I am convinced that there is no possible way I will ever be able to consume all the information that’s available to me as an author, reader, and champion of middle-grade literature. Every day, I add to my “saved” file another article, blog post, Twitter thread, interview, or You Tube video pertaining to topics of interest centering around reading, writing, sharing, and understanding middle-grade fiction and nonfiction. And that doesn’t even include the always-growing list of actual BOOKS I intend to read this
week. m onth. y ear. before the heat death of the universe.
I also know that my work as an author puts me on the road a lot. I’m not sure why it took me until 2020 to realize that one of the most efficient ways to spend “road hours” might be listening to podcasts. Yes, podcasts. They are still there, despite fact that some people are sure the world has outgrown this audio-only form of information dissemination. I’ve really enjoyed listening to several podcasts recently, so I’m going to share a few below.
(To go the webpage associated with each podcast, just CLICK ON THE PICTURE.)
A podcast about reading and writing middle grade novels utilizing ninja stealth and skill. Rob Kent interviews fellow authors and various publishing professionals to discuss the craft and business of producing middle grade and young adult novels.
Upcoming episodes (subject to change) include:
February 22 – Episode 61 Author Barbara Shoup Returns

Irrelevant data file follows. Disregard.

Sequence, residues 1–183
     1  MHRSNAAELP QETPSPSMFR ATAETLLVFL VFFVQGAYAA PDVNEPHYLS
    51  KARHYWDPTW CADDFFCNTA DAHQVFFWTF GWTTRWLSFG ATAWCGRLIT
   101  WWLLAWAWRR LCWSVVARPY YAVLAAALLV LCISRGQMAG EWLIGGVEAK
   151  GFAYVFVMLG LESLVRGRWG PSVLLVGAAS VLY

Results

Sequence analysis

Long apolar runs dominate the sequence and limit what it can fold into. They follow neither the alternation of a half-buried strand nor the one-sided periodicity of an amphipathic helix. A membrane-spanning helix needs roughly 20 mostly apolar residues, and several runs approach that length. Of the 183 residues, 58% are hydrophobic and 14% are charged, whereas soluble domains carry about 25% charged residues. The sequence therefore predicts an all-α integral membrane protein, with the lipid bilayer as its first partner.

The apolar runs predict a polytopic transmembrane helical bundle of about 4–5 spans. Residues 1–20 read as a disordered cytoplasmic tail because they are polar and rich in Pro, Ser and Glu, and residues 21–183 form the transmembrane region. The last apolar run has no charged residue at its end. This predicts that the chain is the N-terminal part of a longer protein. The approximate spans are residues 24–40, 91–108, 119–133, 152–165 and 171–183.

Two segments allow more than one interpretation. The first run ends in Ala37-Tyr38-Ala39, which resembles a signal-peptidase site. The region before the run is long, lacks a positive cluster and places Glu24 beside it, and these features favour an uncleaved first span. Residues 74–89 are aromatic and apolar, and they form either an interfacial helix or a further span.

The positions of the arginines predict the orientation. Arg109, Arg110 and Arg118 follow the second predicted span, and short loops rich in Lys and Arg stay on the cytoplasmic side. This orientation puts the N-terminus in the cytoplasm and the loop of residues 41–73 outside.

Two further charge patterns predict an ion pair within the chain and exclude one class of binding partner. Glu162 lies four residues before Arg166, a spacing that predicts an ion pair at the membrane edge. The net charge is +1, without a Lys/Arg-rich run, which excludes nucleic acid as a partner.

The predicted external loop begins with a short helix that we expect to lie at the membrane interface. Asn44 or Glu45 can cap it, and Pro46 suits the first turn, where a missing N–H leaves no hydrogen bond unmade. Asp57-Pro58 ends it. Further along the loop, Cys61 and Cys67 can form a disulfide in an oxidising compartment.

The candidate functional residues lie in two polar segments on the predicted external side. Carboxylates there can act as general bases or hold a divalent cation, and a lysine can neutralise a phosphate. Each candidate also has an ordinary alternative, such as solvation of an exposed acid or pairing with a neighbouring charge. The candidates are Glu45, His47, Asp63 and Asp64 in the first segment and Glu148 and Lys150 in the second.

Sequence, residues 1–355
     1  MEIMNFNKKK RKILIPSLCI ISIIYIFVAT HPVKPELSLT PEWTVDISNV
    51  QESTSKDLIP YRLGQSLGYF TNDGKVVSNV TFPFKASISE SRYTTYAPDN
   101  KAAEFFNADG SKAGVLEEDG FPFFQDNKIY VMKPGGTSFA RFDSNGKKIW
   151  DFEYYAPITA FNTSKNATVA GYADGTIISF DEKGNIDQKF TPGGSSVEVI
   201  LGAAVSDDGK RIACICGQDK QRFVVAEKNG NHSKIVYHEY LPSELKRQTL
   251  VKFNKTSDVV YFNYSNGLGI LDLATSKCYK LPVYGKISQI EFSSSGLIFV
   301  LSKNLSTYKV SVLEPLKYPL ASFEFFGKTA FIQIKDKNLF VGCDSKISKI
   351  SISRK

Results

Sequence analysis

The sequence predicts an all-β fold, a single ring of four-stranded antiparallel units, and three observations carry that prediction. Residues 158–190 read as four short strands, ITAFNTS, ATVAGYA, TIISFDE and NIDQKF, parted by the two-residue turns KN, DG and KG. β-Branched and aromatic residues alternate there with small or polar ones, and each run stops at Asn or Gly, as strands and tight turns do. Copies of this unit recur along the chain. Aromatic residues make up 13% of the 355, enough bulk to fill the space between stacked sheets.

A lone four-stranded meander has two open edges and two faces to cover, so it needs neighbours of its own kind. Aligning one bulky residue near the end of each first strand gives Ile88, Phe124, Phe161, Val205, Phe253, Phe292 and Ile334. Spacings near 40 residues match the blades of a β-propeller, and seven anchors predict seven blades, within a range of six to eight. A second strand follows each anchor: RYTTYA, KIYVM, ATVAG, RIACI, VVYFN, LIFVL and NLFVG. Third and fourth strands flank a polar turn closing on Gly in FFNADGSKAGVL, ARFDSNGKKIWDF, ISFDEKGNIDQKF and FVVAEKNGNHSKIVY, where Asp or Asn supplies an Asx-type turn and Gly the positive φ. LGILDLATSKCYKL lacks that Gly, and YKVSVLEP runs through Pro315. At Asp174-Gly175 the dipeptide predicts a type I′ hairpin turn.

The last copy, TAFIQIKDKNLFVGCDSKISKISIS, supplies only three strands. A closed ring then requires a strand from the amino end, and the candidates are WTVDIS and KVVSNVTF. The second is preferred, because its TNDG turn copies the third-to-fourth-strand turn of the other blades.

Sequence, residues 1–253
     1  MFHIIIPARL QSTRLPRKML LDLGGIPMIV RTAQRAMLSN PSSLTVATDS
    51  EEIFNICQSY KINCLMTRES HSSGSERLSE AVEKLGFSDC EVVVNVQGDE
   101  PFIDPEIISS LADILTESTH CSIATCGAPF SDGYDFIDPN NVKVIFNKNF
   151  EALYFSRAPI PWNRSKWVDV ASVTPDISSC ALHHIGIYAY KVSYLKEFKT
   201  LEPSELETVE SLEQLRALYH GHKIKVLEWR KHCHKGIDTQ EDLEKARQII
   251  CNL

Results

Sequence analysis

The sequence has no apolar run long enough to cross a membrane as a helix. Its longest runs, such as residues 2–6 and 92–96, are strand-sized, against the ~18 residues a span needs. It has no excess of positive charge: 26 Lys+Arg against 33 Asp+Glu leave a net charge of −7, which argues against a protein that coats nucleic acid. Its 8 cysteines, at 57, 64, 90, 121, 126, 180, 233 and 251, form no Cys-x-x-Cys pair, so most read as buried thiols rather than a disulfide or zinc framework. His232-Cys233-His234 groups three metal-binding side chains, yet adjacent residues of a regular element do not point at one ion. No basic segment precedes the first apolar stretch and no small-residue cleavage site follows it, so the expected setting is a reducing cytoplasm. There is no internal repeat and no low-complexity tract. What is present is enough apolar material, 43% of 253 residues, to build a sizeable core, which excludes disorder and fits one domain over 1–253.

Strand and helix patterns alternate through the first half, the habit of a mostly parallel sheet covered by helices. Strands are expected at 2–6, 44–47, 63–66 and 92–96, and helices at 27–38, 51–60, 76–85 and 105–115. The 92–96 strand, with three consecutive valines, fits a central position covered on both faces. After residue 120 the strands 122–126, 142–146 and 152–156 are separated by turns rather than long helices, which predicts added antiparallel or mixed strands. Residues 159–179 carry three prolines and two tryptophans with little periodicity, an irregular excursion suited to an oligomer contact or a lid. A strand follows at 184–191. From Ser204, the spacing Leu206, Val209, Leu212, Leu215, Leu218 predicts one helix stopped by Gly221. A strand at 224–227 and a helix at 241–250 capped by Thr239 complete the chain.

February 29 – Episode 62 Author Kaela Noel
March 7 – Episode 63 Author Sayantani DasGupta
March 14 – Episode 64 Author Avi
March 21– Episode 65 Author Mitali Perkins
March 28– Episode 66 Author Anna Meriano
Tune in as Julie Anne Grasso and Pamela Ueckerman chat about middle-grade books – that is, books for primary-aged children or thereabouts… it’s a grey area but who’s counting? What we love, why we love it and who we believe it would suit.If you’re a lover of middle-grade books, a librarian, a parent seeking book recommendations, or perhaps an author wading your way through the world of middle-grade fiction, then Middle Grade Mavens is the podcast for you.
Who doesn’t love great word play? Literary agent Jennifer Laughran has a website called “Literaticat.” So, when it came time to name a podcast, what else would she call it but “Literaticast?” That’s some word-bending genius right there, people.
While not solely middle-grade, this podcast covers a wide variety of children’s literature topics and Jennifer frequently interviews amazing middle-grade authors. It’s also a twist to hear it all from the perspective on one of the industry’s top agents.
Hosted by Matthew Winner, elementary school librarian and co-founder of All The Wonders. The Children’s Book Podcast features insightful and sincere interviews with authors, illustrators, and everyone involved in taking a book from drawing board to bookshelf.
Beyond booklists and author interviews, this podcast takes a deep dive into some very interesting topics in children’s literature. Recent podcasts include Redefining the Boy Hero and Readers’ Thoughts on Reading.
Hosted by Travis Jonker and Colby Sharp, the Yarn aims to tell the inside story of children’s literature. According to the website, there are a few things you should know about The Yarn:
- The Yarn debuted in August 2015.
- Travis calls it a podcast, Colby calls it an audio show. They both mean the same thing.
- All interviews for The Yarn are conducted in person.
- One definition of “yarn” is “A narrative of adventures” – Travis and Colby like how that sounds.
- It was all Colby’s idea.
These are a few of the podcasts that have captured my attention recently. Can you add to the list of children’s lit podcasts that offer something wonderful to those who read, write, and teach middle-grade literature? If so, please do in the comments below.